This song was written in November 2013. My dear neighbour of ten years standing, Lilia Mimicopoulous died, aged 89. A Greek national, she had lived a very eventful and colourful life that had included brushes with Ceacescu’s Communist regime in Romania and also a love affair with a banker in London. She settled in Tunbridge Wells. Eventually she became my neighbour and I had a great relationship with her. I would often be invited in for a drink and a chat; towards the end of her life, when she suffered from both Parkinson’s and dementia, I would occasionally have to come to the rescue, clearing spillages up and things. 

Anyway, after she passed, I was doodling on the guitar and came up with the harmonic structure and riff. I had deliberately placed the capo high up the neck (on the 6th fret) because I had heard on radio 3 that Mozart had composed a sonata in Csharp and I thought that was an unusual key. That experiment didn’t work, so I moved the capo up a semi-tone to D and that did.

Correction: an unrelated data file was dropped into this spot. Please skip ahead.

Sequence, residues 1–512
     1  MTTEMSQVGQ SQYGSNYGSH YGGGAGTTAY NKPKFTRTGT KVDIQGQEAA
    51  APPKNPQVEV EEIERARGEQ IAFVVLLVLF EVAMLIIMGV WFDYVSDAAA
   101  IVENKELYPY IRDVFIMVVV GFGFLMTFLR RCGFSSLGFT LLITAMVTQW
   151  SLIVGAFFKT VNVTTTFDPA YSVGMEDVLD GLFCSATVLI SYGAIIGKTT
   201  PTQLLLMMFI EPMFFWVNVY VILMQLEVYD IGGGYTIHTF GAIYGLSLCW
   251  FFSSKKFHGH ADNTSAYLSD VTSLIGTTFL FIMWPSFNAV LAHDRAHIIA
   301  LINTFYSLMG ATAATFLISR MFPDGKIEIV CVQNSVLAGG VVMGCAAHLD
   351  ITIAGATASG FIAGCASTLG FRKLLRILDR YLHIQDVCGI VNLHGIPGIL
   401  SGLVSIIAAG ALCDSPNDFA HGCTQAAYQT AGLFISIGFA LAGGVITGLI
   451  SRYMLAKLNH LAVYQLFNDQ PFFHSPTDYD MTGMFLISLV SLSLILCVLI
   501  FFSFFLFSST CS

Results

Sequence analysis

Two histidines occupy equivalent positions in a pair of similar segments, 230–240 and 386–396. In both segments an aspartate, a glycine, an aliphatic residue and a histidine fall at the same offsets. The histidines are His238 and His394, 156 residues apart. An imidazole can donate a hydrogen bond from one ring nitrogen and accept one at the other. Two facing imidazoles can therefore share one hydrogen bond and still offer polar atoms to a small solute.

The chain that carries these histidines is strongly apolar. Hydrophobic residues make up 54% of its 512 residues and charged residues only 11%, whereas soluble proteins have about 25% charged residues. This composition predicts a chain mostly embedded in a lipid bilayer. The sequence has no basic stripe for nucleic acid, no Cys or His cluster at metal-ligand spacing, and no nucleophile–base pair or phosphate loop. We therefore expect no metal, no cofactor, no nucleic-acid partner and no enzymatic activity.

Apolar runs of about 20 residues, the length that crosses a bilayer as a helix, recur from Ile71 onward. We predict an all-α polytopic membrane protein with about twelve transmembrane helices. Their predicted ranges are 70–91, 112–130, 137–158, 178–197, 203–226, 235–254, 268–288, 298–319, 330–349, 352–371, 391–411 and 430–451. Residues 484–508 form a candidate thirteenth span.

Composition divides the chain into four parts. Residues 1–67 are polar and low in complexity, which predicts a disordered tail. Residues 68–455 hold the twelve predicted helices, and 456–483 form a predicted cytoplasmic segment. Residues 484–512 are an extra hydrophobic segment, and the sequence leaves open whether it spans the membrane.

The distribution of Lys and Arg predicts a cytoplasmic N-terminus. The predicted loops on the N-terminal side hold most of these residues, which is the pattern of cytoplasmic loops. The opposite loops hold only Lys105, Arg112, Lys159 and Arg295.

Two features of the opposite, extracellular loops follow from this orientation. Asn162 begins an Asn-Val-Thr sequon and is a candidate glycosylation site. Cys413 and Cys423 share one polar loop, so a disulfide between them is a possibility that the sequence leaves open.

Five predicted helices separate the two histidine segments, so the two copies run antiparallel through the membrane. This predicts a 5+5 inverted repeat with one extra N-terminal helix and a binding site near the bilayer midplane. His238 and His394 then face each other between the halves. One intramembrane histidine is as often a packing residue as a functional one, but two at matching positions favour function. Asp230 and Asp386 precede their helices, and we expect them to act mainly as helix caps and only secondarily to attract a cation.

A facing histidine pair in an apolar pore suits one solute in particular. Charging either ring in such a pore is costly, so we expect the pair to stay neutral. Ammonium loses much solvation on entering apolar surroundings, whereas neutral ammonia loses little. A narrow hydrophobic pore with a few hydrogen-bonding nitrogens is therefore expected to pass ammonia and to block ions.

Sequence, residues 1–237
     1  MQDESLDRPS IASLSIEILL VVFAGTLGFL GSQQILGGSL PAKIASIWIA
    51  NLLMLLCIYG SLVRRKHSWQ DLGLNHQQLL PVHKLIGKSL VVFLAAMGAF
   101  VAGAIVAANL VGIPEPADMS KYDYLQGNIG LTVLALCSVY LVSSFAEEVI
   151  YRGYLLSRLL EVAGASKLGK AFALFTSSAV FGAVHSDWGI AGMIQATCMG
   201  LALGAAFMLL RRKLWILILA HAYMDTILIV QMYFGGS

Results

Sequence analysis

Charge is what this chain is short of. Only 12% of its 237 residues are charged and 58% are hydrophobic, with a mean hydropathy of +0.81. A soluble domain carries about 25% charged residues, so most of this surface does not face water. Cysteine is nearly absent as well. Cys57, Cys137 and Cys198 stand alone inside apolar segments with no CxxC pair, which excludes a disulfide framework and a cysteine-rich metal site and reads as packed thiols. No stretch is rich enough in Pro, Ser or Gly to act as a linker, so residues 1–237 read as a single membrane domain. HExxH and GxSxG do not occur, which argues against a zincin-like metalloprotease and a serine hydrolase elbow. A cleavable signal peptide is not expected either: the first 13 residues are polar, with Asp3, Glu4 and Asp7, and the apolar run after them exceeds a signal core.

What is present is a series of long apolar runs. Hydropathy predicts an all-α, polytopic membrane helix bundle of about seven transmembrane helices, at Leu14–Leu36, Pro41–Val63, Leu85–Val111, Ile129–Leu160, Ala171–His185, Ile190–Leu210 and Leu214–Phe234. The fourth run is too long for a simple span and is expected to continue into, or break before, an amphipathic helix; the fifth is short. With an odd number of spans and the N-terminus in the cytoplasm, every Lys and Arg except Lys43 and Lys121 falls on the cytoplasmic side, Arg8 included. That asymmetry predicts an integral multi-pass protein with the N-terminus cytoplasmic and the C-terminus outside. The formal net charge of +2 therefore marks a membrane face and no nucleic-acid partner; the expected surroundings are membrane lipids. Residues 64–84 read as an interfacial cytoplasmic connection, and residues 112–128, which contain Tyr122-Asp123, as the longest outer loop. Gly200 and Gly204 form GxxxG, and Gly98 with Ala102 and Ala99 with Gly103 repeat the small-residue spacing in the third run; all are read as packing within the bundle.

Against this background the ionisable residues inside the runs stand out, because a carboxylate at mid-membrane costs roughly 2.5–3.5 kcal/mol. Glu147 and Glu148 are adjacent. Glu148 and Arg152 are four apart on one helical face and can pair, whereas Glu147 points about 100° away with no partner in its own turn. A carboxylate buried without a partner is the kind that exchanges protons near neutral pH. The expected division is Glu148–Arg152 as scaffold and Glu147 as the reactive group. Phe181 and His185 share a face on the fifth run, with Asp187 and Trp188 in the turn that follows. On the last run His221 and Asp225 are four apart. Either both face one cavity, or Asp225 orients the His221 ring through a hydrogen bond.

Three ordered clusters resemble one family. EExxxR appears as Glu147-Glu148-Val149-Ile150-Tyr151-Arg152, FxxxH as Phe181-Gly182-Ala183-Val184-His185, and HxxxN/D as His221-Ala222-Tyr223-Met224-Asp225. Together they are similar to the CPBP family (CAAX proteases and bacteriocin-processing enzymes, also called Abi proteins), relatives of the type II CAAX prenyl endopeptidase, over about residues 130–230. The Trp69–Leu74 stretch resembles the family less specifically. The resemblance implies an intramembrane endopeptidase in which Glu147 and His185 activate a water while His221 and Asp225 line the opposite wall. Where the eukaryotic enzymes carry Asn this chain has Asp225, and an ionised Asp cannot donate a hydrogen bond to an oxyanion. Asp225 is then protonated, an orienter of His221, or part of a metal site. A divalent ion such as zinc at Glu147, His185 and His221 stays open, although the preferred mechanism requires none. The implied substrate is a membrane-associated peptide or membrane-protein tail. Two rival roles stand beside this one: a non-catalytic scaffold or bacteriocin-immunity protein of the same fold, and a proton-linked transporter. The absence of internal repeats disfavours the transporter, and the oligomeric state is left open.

The song’s lyrics came very quickly on Sunday 17. It occurred to me that when I was younger, I hardly ever went to funerals. But in recent years, I had been to many (both William and I had served as pall bearers at Lilia’s funeral). Which is probably a function of my age (45). 

But in the last few years I had been to Joe’s father Michael’s funeral; my friend Kevin Aldridge’s father Mick; my own father, Pim; my friend Sara Whiteley’s father Stuart; my favourite Aunt Annick (whom “En Famille” on the first album was about) and Joe’s nephew Angus (whom both “Gone” and “Song For Angus”, the closing tracks on the second album were written for). 

This song then became something of a reflection on our finitude.

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